Historically the section on Guilty Knowledge in Cases of Handling and Theft has been well tested over the years, it contains dates and time limits with conditions attached, so it is another really good area to test. This is another area where if you can think of an example it will help you place the law around it and it will make the learning process much easier. 

I think the issue of stolen metal could be tested this year, it was prominent in the news about the time your exam was written, and still is, so handling stolen metal could be the question. It could well be built around a Scrap Metal Yard, and could test the whole area of Guilty Knowledge.    

Chapter 14 Fraud is our last chapter this week, and it opens with one offence that has three different ways to commit it.  If I were you, for the sake of your exam, I would consider them as three separate offences. That way you won’t get confused. Provided you know and understand the offences involved you will be able to answer any questions thrown up.

The link between the Theft Act and this legislation is made by the definition of Dishonesty and the link to R v Ghosh. In that second keynote in this chapter there are some important definitions that you should learn.

The offence of Obtaining Services Dishonestly is a good area to write a question around. There are so many different ways a person can commit this offence.  Work up some circumstances and see how they fit. That will help you in trying to work out the different sections of this law.

It is worth noting the comment made by Blackstone’s about the fact that almost any kind of document can be forged, BUT NOT a Bank Note!  This is because they not an Instrument as defined and are subject to another offence, so please don’t get confused. 

Bearing in mind that the M.P.’s expenses scandal hit the press in the last three years, that makes the subject of False Accounting a good one to test. Like the Services Dishonestly offence there are a number of different ways to commit the offence, ‘destroying, defacing, concealing, or falsifying’ I think any self respecting question writer should be able to find a good question there.

The same can be said of the Having Custody or Control of Specific Instruments and Materials. There are so many instruments to which this section applies. It is a very long list that will take some learning so try to group them under broader headings. That will give you a skeleton to build your learning around. You could start making your list under the headings ‘banking’, ‘official’, ‘post office’, and finally ‘investments’ and see what you have left, which gives you the mnemonic BOPI which may or may not help you remember.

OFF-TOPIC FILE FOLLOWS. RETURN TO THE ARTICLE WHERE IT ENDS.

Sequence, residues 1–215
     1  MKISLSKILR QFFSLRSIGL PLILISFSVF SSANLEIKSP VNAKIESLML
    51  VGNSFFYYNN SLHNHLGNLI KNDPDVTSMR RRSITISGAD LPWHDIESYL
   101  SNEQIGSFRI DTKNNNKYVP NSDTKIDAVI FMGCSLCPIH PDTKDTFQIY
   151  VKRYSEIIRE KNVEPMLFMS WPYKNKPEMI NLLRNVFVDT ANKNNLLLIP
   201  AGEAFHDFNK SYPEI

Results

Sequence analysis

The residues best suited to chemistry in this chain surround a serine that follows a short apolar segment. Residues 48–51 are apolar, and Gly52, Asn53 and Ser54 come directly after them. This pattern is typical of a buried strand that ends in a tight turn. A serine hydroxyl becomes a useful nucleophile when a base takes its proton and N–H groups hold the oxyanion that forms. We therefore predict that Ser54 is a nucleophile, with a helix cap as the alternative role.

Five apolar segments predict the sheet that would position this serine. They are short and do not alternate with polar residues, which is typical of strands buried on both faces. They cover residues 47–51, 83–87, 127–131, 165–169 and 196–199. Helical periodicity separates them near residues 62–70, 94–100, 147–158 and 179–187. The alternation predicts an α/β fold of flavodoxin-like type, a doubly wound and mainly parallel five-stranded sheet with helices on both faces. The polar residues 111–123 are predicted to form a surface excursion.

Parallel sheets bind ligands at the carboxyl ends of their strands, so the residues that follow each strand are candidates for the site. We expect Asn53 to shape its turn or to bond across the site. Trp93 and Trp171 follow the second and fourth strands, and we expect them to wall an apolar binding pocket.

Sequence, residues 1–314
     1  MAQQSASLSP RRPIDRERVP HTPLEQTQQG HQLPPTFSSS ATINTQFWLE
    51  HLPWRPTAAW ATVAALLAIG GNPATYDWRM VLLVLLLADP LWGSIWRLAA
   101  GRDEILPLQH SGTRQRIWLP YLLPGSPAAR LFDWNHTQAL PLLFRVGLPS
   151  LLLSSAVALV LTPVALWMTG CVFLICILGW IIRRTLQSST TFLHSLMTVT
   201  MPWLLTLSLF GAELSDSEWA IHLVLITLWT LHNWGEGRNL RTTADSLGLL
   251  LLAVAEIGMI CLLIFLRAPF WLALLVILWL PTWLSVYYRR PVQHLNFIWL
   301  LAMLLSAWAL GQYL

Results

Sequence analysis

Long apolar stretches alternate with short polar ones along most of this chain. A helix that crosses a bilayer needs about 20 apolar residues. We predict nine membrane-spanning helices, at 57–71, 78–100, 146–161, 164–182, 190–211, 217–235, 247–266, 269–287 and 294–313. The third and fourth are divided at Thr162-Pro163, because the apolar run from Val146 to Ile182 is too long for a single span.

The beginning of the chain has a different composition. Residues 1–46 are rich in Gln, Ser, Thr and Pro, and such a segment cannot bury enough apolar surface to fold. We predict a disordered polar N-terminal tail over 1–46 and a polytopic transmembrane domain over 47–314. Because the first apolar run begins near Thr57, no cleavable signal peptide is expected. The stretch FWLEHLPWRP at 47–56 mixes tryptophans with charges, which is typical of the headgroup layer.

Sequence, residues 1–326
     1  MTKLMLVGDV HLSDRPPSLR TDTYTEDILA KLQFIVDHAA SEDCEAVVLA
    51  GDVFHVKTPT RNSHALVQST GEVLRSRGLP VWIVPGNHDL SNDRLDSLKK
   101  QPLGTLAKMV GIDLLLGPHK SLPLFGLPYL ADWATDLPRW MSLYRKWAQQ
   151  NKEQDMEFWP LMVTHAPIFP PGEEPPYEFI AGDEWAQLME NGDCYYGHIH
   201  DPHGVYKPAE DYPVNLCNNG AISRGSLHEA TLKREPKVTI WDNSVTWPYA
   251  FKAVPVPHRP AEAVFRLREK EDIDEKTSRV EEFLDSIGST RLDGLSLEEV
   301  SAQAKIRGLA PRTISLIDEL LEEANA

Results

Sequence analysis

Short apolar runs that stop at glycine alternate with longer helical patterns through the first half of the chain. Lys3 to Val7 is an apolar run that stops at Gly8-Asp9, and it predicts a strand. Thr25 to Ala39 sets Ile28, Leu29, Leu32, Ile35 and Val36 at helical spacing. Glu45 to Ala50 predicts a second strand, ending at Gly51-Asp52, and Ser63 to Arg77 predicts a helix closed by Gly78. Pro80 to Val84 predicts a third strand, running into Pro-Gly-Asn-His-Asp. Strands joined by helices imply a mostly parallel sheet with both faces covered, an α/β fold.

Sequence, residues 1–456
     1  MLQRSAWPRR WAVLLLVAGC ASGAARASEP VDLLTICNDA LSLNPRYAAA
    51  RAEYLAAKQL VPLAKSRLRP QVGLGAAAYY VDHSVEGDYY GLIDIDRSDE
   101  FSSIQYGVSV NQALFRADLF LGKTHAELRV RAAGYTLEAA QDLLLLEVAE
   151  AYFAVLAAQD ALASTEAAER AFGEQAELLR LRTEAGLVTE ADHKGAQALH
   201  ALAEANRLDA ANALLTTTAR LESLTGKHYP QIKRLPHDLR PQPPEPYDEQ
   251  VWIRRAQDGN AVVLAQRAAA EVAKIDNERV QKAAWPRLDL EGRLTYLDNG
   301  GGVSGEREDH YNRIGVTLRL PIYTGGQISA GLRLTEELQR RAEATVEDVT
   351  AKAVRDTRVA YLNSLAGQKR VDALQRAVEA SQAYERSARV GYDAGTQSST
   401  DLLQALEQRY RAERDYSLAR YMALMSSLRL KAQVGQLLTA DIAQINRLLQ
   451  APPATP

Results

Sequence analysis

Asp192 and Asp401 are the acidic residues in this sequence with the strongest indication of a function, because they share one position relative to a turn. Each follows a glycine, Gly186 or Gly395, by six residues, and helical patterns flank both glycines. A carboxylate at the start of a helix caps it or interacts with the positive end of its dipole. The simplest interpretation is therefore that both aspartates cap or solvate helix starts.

I think all these chapters are important to you in your quest, so take your time, and get to know them really well.


This week’s top tip picks up on taking time to do some revision as well as looking at new topic areas each week.  It is really important that you don’t forget everything that has gone before. So take out some time each week from now on to re-visit the areas you have already looked at and just put them back into the fore front of your memory too.

At this point I get very predictable and dull and issue my standard health warning, I am giving you some suggestions about areas to look at, sadly I know as much about what will be in your exam as you do, and that is why I am very reluctant to suggest you study only banker subjects. I know there are companies out there who boast that they can tell you want is in your exam, and I am here to tell you the only people who know what is in your exam are the team at Harrogate who wrote it, and they are not telling anyone.

I have been helping police officers pass this exam for over 30 years, either from within the job, or on a commercial basis through my company, and that has always been my mantra, study the lot. 

I regularly Tweet about Part 1 offering legal hints and reminders, and you can follow me @ExecutiveGuidance if you would like to. I try to make sure the Tweets reflect the subjects we are looking at each week.  Once again we have had some new followers, so thank you for join us.

We are now well into our programme of study and as of today there are only 74 days to go until your exam.  You will be amazed just how fast those days fly by, so stick with the programme.

Here at Executive Guidance we have been helping Police Officers pass their exams for a long time successfully training both Part 1 and Part 2 of the Promotion Exam, as well as running Crammer weekends for National Investigation exam candidates.

Our Courses

Our Crammer courses will run from our classrooms down here in Surrey for the two weekends immediately prior to the exam. That means Saturday the 3rd and Sunday 4th March 2018 and Saturday and Sunday the 24th and 25th February 2018.  It really is not too late to make your booking, so follow this link to our Contact Us page a drop me a line.   


Motivational Quote

This week’s motivational quote is from the great war time Prime Minister Winston Churchill who made all sorts of excellent statements about a wide variety of topics, this week’s is,

We are still masters of our fate.
We are still captains of our souls.

So let’s steer our ship ever closer to the exam date and a pass in the exam.


See you next week.

Phil Waters

©Executive Guidance Ltd. 2017